About this book
Murdering Animals confronts the speciesism underlying the disparate social censures of homicide and “theriocide” (the killing of animals by humans), and as such, is a plea to take animal rights seriously. Its substantive topics include the criminal prosecution and execution of justiciable animals in early modern Europe; images of hunters put on trial by their prey in the upside-down world of the Dutch Golden Age; the artist William Hogarth’s patriotic depictions of animals in 18th Century London; and the playwright J.M. Synge’s representation of parricide in fin de siècle Ireland. Combining insights from intellectual history, the history of the fine and performing arts, and what is known about today’s invisibilised sites of animal killing, Murdering Animals inevitably asks: should theriocide be considered murder? With its strong multi- and interdisciplinary approach, this work of collaboration will appeal to scholars of social and species justice in animal studies, criminology, sociology and law.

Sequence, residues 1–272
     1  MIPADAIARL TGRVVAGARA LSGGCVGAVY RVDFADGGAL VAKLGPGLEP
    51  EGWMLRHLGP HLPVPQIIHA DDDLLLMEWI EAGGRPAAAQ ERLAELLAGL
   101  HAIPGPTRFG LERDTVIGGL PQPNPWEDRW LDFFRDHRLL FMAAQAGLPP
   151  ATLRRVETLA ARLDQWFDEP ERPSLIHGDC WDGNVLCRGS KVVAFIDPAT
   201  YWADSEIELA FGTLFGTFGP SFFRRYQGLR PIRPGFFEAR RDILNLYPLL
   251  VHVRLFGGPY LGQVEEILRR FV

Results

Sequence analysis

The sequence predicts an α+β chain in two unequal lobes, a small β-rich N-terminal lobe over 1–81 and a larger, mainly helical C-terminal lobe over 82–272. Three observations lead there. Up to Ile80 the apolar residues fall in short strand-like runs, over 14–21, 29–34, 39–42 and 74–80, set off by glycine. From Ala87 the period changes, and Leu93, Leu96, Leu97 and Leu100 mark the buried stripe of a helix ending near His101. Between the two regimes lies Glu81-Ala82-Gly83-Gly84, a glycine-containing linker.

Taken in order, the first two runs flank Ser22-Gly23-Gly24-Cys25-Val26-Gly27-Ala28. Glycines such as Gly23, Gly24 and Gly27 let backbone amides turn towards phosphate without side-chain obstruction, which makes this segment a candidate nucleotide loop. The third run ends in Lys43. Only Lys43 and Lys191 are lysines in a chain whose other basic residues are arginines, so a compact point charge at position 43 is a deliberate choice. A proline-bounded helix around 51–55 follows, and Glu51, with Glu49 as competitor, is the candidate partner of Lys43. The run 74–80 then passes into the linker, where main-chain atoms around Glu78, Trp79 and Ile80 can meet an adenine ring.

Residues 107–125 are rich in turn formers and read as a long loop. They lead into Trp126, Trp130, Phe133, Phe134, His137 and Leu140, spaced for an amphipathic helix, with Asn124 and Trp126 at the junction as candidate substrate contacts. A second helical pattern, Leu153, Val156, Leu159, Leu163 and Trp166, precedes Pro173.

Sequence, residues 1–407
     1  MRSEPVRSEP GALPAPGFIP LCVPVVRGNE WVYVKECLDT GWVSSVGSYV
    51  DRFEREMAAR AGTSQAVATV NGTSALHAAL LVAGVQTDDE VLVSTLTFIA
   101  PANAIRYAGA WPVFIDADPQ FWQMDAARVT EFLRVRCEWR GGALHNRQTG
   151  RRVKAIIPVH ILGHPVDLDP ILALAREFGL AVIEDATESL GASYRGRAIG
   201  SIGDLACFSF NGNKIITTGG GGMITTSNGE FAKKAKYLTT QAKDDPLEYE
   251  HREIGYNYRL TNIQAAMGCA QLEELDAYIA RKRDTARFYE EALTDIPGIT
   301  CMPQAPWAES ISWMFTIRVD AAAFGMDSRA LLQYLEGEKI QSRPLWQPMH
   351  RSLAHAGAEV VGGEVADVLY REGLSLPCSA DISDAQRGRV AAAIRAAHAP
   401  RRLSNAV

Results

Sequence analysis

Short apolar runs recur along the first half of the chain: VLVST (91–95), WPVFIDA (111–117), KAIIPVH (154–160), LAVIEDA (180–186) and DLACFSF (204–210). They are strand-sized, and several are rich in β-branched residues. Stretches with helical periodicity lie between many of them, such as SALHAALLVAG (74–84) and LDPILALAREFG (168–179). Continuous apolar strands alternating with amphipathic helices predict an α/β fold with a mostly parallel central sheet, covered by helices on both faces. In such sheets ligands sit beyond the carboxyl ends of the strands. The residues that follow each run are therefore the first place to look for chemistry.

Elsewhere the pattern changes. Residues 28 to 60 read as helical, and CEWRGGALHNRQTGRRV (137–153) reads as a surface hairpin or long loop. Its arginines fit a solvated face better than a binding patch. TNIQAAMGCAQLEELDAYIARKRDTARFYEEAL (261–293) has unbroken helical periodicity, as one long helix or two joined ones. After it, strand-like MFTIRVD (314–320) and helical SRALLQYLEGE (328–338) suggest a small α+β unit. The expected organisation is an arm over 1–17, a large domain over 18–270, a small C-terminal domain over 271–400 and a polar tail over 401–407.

Nonspeciesist Criminology social science violence against animals Theriocide animal rights animal execution early modern Europe Homicide hunting and blood sports Parricide criminal trials vivisection trafficking militarism and war pollution animal shelters
“The central argument that brings this book together is that animals have a right to live their lives free from humanity’s needs, wants or presumed supremacy over them. … This book is suitable for criminologists and for scholars who study legal issues and animals, as well as animal rights activists, humanities’ scholars and artists who have depicted injustices toward animals.” (Shannon T. Grugan, Criminal Law and Criminal Justice, clcjbooks.rutgers.edu, February, 2019)